By applying an auto-ethnographic approach in this volume to share and explore the experiences of prospective teachers as they navigate the preparation and credentialing processes of teacher education, we – as those who have gone before the future educators in this text and those who will come behind them, gain first hand insights from these young women and men about what it means and how to better prepare prospective educators to become a teacher against a backdrop of historical inequities in schooling and prepared for the multi-culturally diverse classrooms of today. Teacher educators, school and community leaders, and others committed to pushing toward more equitable social domains and forms of living and learning hence would do well to take up the opportunity provided in this text to learn from the narratives included in this volume and those of other teacher candidates; indeed, the narratives of teacher candidates herein and elsewhere are, in part, reflections of ourselves as teacher educators and evaluations of our work in teacher education and the professional preparation of those who will carry on our professions after us and for rising generations. What we as teacher educators teach, or think we are teaching, in teacher preparation courses may, or may not, be what prospective teachers are learning about being a teacher and successful teaching and learning for all learners, particularly those students historically underserved.
Each of the prospective educators who share their narratives in this volume are striving to become critical educators capable of promoting equitable educational and social opportunities, outcomes, and experiences for all learners. While their journeys are each distinctive and unique to them personally, the teacher candidates who share their narratives in this volume highlight some of the challenges and opportunities they have encountered in teacher preparation courses to learn about the functioning of social structures that sustain society’s existing hierarchies and develop the skills and knowledge requisite to identify, implement, and assess critical learning strategies aimed at challenging inequities and promoting more inclusive forms of education. Specifically, these future teachers included in this volume are sharing with us, their readers, their attempts at learning to unhook from Whiteness and to disrupt the pernicious and historical school-to-prison pipeline that has long existed in the US between the nation’s prison system and schools serving learners and their families and communities identified as racially not White, economically poor, and otherwise not members of the White, middle-class, primary English speaking, heterosexual, patriarchal mainstream.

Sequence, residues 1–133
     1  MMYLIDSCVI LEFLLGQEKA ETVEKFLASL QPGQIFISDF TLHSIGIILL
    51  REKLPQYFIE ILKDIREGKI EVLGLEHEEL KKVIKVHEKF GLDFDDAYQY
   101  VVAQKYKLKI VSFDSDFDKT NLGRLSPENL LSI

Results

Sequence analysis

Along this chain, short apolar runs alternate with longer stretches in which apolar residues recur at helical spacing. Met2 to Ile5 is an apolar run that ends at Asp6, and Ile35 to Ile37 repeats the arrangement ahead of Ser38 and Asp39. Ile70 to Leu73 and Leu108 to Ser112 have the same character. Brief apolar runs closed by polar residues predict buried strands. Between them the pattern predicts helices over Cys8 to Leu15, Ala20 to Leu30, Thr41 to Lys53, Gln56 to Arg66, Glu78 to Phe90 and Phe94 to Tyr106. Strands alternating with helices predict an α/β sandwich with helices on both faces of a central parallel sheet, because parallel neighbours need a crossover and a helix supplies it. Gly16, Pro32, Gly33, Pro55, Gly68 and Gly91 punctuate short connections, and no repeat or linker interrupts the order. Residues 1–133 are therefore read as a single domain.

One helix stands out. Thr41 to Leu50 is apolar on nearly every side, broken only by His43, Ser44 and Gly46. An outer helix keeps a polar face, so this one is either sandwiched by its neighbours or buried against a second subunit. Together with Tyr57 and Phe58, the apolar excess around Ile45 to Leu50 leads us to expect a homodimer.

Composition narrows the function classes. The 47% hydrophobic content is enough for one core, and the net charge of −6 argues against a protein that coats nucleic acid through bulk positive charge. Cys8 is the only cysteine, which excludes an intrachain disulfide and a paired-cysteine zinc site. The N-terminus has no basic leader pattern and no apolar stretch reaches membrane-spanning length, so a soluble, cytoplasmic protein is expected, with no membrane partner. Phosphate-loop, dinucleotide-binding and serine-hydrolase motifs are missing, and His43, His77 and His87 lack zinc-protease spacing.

In the fall of 2009, the Fox network took a bold step in their primetime television lineup. Borrowing from the success of reality music performance shows like its own
American Idol, the network introduced us to the students at McKinley High School, a fictional high school in Lima, OH, and home to the glee club known as the New Directions. The group is made up of freaks and geeks who feel the wrath of being “different.” The cool kids are hell bent on making life difficult for the students in glee club. Yet, because of the determination of Mr. Will Schuester, the club’s advisor, along with a few great songs,
Glee has brought a new tone of inclusion to modern television and direct parallels can be seen between the experiences of the show choir members and what is happening in contemporary society.
Glee has shown the importance of examining the intersections of pop culture and social issues; this text will encourage thinking on how effective the show has been beyond the screen. Essays provide critical analyses of the show, its characters, and its overall usefulness as a commentary on social issues. The show’s content often deals with subject matter that would lend easily to critique around such social issues as sexuality, bullying, interpersonal communication, conflict resolution, and family relationships. This text invites readers to examine the intersections between media, society, and the individual.
Although we live in an era of multiple identities and belongings, origins still seem to matter. For most people origins are obvious and transparent.
We all come from somewhere. Yet talking about one’s origins can be highly sensitive and problematic depending on our roles, emotions, interlocutors and contexts. This volume problematizes the relativity, instability and politics of the concept in the field of education. The authors examine how origins are played upon in many and varied educational contexts and propose alternative ways of dealing with—see reinventing—origins.
This volume is original in several senses. It is one of the first books to deal directly and honestly with the thorny concept of origins in education. Balancing arguments for and against the advantages and drawbacks of origins, the volume will appeal to confirmed and novice researchers, practitioners and decision-makers who struggle with these elements. The volume is not a ‘recipe book’ to be followed as such. It offers fresh and sincere perspectives to current discussions on multiculturalism, intersectionality and social justice in education around the world by tackling a somewhat taboo subject.